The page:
October 15, 2013

SLU Psychiatrist To Healthcare Providers: A Simple Question Can Save Lives and Improve the Health of Patients

Manepalli (third from right) and team wear purple to help raise awareness about domestic violence.

October is Domestic Violence Awareness Month, and Jothika Manepalli, M.D., professor of neurology and psychiatry is starting a campaign to increase awareness of the impact of intimate partner violence.

"The impact of trauma on the health and well-being of children, women and men is enormous. I am acutely aware of and advocate for the prevention of intimate partner violence, also known as domestic violence. As healthcare providers we should be aware and educate our students, residents, colleagues and patients," says Manepalli.

Domestic violence can affect anyone young and old, across all cultures and social status.

Research has found that intimate partner violence is connected to the poor health and well-being of Americans. Healthy People 2010, a prevention agenda for the nation, designated intimate partner violence as one of the most significant preventable threats to health in the United States.

Healthcare providers routinely screen women for preventable conditions such as high blood pressure and cigarette smoking, but too often they do not ask their patients about abuse. In fact, abuse may be connected to subsequent health concerns, like cigarette smoking and poor compliance with medication treatment for hypertension.

“This needs to change,” Manepalli said. “There is no excuse for ignoring domestic violence in health care settings. “As healthcare providers, we have the opportunity to help the many hidden victims of domestic violence in our community by training ourselves to screen our patients, identify abuse and provide referrals,” said Manepalli.

“Intimate partner violence is a healthcare problem of epidemic proportions in our country. The good news, though, is that domestic violence is a problem we can solve. Healthcare providers can play an essential role in that critical effort.”

“So just ask every patient you see and ask each time you see them ‘Does your partner ever abuse you physically or emotionally?’ or ‘Are you in an abusive relation now or have you been in the past?’

“There are resources available to help those in abusive situations. The first step is to reach out for help.”

Manepalli will start this campaign by asking all healthcare providers to be committed to doing their part to end abuse and she hopes that more healthcare providers in the community and across the country will join the effort by screening patients for domestic violence during Domestic Violence Awareness Month and throughout the year.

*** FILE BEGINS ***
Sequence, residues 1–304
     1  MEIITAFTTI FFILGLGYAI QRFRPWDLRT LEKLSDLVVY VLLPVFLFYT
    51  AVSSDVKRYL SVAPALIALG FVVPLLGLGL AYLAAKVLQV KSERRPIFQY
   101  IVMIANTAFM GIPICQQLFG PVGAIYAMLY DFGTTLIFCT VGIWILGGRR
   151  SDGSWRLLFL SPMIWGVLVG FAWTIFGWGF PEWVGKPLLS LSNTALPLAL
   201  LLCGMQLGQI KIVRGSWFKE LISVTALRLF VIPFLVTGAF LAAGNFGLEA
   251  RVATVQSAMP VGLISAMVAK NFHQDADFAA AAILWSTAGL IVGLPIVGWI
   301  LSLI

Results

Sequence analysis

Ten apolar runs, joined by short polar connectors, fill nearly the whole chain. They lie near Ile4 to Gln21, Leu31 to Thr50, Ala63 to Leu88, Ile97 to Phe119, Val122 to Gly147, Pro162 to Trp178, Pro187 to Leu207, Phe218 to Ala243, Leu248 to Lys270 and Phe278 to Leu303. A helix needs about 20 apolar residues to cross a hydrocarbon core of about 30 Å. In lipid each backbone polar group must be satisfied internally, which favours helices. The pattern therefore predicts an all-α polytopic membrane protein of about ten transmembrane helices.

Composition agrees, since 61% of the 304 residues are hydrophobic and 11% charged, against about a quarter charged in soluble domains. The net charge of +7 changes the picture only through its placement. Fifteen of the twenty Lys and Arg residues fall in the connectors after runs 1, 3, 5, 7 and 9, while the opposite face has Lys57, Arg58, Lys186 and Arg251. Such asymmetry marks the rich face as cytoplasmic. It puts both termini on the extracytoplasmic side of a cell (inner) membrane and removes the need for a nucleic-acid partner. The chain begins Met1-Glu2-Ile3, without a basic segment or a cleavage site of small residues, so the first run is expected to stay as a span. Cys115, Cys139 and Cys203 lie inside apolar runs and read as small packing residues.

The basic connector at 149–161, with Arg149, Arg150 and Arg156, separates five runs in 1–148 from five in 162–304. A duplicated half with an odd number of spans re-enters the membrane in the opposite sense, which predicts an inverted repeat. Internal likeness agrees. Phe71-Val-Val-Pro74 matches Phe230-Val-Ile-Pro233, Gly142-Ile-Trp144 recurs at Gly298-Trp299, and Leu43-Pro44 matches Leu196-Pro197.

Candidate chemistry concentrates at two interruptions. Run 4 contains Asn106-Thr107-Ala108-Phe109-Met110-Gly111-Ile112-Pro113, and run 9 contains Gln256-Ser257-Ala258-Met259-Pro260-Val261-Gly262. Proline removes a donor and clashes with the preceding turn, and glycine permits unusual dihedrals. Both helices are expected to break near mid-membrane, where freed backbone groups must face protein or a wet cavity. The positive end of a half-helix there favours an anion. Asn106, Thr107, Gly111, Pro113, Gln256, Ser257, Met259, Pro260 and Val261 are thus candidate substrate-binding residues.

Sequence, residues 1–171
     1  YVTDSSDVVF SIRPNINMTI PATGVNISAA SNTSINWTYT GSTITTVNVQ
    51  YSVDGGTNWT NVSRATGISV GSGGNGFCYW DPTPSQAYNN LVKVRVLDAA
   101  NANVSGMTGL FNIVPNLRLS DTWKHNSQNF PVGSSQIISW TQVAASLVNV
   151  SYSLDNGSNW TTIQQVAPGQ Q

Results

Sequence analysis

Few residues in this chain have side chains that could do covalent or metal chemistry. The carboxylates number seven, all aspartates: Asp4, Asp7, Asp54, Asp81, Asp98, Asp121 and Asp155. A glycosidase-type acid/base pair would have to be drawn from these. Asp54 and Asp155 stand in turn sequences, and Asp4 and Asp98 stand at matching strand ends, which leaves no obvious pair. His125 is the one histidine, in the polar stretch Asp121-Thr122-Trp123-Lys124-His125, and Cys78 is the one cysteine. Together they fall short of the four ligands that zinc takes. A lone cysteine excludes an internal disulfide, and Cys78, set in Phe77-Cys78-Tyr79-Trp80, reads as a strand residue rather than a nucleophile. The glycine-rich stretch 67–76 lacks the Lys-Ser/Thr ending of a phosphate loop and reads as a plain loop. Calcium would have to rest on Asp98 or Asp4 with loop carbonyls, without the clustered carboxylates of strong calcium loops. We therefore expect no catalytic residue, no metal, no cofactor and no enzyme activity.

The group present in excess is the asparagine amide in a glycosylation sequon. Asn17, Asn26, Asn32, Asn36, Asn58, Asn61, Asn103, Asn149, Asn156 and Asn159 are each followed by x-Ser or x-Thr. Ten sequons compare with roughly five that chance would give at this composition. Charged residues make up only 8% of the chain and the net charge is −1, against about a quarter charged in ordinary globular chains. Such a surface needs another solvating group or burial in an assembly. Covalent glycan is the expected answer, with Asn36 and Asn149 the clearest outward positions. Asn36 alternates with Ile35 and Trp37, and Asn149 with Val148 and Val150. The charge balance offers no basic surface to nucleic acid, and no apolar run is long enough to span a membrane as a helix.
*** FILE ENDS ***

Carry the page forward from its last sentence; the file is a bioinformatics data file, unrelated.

Manepalli encourages the following.

  • Wear a purple tie, shirt, dress or a ribbon on Wednesday Oct.16 and every Wednesday for the rest of the month.
  • Tell anyone who listens why you are wearing purple and how domestic violence impacts physical and mental health.
  • View posters at SLU Hospital near the cafeteria on Oct. 16.
  • Educate yourself about the impact of domestic violence on physical and mental health.
  • Make a habit, if you are a healthcare provider, of asking patients about domestic violence every time you see them.
Manepalli has partnered with SLU Hospital in this campaign and Chelsea Robinson-Copass, MSW, and Theresa Slanders, MSPH, are assisting.
Jothika Manepalli, M.D., professor of neurology and psychiatry  

Domestic violence resources
Healthcare provider resources

1. The National Health Resource Center on Domestic Violence: 1-800-595-4889

2. Centers for Disease Control & Prevention: http://cdc.gov/ViolencePrevention/index.html

3. Academy on Violence and Abuse: http://avahealth.org

4. Missouri healthcare providers and friends who care about domestic violence and health. http://missourihcadv.wordpress.com/

5. Missouri Coalition against domestic and sexual violence. http://www.mocadsv.org/

6. Saint Louis University of School of Medicine, Department of Neurology and Psychiatry: Dr. Jothika Manepalli conducts a didactic course every year during the month of October called "Domestic Violence: Impact on Health, prevention recognition and treatment." Call the department for dates 314-977-4825.

Patient resources

1. National Domestic Violence Hotline: 1-800-799-SAFE (7233) or TTY 1-800-787-3224; www.ndvh.org

2. National Sexual Assault Hotline: 1-800-656-4673; www.rainn.org

3. National Organization for Victim Assistance: 1-800-879-6682; www.trynova.org

4. Domestic Abuse Helpline for Men and Women: 1-888-743-5754; www.dahmw.org

5. Missouri Coalition against domestic and sexual violence. http://www.mocadsv.org/

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